- People storming markets and grocery stores as though they have heard that there is no more oil in the world to transport anything further and what you have is all what you would eat till you die from starvation. People should be eating less during Ramadan — you’re shaving off more than half of the day fasting — yet somehow gluttony has become synonymous with Ramadan.

- Ill-tempered people. Okay I understand you have not had your coffee and you have not had your cigarette. That’s the point of fasting: testing your temper and tolerance. Fasting is not an excuse for you to be bad tempered. It is a motive for you to control yourself. I can understand some random bursts here and there — we are human, after all — but to still be a crazed lunatic as Ramadan comes to a close means you have missed the point.

- Speaking of lunatics: people driving. I do not need to elaborate.

- What pisses me off the most: Non-fasting people should not eat and/or drink in front or close to those who fast “to protect their feelings”. I appreciate your concern but Muslims should toughen up and stop victimising themselves with fasting excuses. Again, it’s testing your temptation. If you’re not fasting, you should be able to eat and drink as you please. If you don’t want to out of respect, that’s your choice, but having a law that can put you in jail because of eating and drinking in public is uncalled for. In malls, you see food outlets closed with very few open and barricaded to hide those who are eating. Seriously? My friends in Lebanon and Syria thankfully report otherwise.

I can go on and on but that would bore you. So if you have any other gripes at how people practise Ramadan, please mention it in the comments.

Why Ramadan is Still Special, Despite Everything

For those who know me I have been going through some rough mental patches when it comes to faith, but I am not one who likes to openly discuss these issues, even though I may voice a concern or two sporadically. This is because (A) for me religion/faith/etc is a pact between heart, mind, soul, and God, and talking about the contents of the pact with other people does not make sense, and (B) because such discussions always end up in a tribal warfare with two opposing camps I would rather not be a member of. They’re issues that are my own and I have to deal with them on my own. No one has the right to influence me, or anyone else, on how they should think of and feel God or religion or whatever they choose to believe in.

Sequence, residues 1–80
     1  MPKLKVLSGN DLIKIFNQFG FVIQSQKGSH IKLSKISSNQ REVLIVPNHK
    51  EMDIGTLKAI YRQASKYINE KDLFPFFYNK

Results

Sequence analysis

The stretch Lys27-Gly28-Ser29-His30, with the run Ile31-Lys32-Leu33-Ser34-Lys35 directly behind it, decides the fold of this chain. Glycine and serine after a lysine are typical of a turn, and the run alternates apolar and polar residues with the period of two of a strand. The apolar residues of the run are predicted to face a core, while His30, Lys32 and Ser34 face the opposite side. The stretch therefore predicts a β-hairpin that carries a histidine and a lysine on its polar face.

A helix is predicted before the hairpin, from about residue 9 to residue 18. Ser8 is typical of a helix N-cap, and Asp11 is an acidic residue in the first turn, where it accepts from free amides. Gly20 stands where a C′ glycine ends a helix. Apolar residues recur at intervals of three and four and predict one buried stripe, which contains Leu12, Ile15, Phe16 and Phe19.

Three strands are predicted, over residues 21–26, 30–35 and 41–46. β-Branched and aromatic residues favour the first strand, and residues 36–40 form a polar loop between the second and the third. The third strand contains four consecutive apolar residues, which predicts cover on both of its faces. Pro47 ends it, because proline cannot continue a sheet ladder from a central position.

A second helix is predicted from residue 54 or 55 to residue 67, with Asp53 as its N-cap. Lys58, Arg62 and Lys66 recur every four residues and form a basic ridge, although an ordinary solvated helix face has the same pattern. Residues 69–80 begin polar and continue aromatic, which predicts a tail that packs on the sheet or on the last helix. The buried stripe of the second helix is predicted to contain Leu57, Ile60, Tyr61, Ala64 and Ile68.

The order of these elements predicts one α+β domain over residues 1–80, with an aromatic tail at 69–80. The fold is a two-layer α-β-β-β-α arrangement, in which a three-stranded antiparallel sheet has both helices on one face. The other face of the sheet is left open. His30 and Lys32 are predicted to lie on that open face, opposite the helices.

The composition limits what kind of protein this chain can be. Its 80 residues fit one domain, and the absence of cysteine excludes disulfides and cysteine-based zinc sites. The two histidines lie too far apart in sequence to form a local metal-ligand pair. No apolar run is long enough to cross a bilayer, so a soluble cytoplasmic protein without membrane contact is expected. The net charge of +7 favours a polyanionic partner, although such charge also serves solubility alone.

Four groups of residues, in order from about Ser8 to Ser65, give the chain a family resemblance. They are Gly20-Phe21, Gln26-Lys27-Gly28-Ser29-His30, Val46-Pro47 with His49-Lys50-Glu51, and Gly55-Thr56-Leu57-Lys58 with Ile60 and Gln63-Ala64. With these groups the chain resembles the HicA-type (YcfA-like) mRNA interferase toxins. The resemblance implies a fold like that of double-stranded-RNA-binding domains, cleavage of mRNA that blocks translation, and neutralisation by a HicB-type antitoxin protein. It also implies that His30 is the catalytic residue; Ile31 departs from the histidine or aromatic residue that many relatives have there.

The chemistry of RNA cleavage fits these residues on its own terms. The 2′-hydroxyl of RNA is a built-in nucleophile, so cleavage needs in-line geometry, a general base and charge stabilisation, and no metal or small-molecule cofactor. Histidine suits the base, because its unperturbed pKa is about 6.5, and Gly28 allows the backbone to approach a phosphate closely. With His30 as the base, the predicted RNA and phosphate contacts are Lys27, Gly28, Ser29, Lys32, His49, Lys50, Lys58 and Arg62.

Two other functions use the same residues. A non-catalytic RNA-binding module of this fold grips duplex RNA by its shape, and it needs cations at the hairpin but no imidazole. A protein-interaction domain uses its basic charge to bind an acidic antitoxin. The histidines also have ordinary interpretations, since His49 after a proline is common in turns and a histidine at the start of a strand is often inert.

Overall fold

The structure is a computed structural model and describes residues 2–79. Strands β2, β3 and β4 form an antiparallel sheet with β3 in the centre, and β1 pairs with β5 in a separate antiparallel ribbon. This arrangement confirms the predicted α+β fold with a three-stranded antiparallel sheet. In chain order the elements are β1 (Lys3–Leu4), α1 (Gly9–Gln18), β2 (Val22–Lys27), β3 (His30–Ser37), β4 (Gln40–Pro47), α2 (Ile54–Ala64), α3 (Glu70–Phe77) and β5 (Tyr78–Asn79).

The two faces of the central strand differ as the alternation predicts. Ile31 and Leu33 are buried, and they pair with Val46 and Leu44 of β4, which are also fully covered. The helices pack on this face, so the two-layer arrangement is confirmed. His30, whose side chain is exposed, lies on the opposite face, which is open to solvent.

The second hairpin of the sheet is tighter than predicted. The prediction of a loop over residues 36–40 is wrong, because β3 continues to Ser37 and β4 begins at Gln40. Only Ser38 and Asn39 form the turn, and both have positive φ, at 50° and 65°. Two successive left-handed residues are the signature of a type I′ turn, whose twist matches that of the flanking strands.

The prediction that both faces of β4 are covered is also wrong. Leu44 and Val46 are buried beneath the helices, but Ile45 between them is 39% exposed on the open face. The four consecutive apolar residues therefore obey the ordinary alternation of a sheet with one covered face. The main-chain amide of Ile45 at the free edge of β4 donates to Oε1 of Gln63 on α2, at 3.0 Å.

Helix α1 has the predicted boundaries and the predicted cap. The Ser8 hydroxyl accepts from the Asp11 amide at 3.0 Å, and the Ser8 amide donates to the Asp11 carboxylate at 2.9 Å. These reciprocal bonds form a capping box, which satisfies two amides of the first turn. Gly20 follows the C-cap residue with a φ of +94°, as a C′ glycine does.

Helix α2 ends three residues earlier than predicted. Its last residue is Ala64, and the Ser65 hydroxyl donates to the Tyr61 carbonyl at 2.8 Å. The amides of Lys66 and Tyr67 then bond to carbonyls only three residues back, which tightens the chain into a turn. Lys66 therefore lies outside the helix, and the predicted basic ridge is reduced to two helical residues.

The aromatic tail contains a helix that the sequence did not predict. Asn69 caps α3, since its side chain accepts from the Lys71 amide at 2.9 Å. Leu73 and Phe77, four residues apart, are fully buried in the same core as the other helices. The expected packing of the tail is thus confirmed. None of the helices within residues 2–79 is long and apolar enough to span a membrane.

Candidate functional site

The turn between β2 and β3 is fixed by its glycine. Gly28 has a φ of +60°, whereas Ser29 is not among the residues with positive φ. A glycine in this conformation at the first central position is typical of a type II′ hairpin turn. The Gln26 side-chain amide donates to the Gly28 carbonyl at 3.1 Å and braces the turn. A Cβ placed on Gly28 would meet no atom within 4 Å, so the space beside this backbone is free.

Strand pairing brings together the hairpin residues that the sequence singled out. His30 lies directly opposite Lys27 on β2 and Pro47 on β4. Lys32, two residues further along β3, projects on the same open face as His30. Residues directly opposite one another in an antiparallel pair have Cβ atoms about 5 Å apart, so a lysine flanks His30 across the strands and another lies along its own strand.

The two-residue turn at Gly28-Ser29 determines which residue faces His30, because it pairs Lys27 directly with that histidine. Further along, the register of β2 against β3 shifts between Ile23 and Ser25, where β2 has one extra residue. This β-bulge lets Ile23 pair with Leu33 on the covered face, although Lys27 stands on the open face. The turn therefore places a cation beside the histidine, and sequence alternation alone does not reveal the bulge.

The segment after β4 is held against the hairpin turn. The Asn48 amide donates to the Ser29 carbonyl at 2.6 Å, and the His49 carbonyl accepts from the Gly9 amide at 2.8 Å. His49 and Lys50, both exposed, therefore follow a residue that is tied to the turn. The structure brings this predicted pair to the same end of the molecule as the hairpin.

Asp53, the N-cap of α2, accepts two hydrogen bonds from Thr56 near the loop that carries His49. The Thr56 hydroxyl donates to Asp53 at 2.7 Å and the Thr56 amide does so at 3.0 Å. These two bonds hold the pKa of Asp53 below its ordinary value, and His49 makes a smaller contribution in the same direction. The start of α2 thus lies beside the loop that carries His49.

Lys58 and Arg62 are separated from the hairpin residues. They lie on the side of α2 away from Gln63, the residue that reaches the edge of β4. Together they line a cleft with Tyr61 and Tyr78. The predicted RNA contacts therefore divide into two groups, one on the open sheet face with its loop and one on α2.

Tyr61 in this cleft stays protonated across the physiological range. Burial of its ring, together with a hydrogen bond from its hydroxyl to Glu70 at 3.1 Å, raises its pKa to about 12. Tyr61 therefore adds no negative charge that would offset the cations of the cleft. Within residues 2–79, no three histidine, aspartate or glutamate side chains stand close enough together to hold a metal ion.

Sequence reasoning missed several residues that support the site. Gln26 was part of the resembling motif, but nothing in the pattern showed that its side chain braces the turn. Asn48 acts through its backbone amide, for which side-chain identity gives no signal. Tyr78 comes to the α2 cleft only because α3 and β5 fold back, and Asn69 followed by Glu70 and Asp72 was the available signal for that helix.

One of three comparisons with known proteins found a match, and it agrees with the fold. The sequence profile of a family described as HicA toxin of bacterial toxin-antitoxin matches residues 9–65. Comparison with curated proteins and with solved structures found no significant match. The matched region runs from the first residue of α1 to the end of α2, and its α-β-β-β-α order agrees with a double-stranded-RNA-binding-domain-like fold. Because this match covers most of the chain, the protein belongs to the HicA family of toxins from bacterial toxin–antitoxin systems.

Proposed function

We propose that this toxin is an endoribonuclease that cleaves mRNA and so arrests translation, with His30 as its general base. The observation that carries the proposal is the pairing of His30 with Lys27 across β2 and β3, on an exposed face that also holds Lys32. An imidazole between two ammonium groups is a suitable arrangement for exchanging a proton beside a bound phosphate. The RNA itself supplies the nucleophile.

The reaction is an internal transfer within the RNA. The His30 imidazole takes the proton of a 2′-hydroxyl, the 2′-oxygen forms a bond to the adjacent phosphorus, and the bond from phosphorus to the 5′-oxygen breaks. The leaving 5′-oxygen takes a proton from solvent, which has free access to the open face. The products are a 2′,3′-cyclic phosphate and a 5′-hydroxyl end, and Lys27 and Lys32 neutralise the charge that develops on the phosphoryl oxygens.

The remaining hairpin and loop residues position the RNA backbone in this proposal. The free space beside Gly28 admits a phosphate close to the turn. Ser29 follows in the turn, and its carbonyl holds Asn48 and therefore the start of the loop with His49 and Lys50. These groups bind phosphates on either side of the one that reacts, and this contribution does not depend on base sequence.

If it’s not from within, then I would rather live without.

I don’t need to give a PR press release on what Ramadan is about. Local newspapers online and off are <sarcasm> doing well  with their “Ramadan special Iftars”, other exclusive tents, and depicting the stories of expatriate converts as well as threatening people who eat in public with a jail sentence.</sarcasm>

Ramadan, to me, is a generally happy month, regardless of whether or not I am leading a happy life. I am visibly more quiet, calm, tranquil, and even more passive than normal. It’s not because I am upset. I simply enjoy the “spirit” if you can so call it.


Ramadan, to me, is when problems become trivial. I am saddened when Ramadan passes not only because of obvious religious reasons, but because nothing seems much of a big deal in Ramadan. I haven’t been presented yet with a life changing crisis in any Ramadan, but usual problems that piss me off and have me drive for hours around Dubai just to mentally escape realities I cannot deal with, all seem insignificant.

As long as no issues occur 20 minutes before Iftar that is, LOL :) but that is why I subscribed to food delivery during the month to ensure that noms will always be present regardless of plans.

I enjoy the call of prayers, whether or not I attend them. I am especially attached to the mosque on campus, whose Imam has a most exquisite voice that speaks to me. Ever since I graduated I still go to the mosque on campus in the last few days of Ramadan. Sadly this year, the semester has been pushed to commence after Eid, so I will not be able to enjoy Taraweeh or Qiyam prayers there. For those who want to know more about Taraweeh, you can reach Mich’s fantastic post on her reflections during the month here.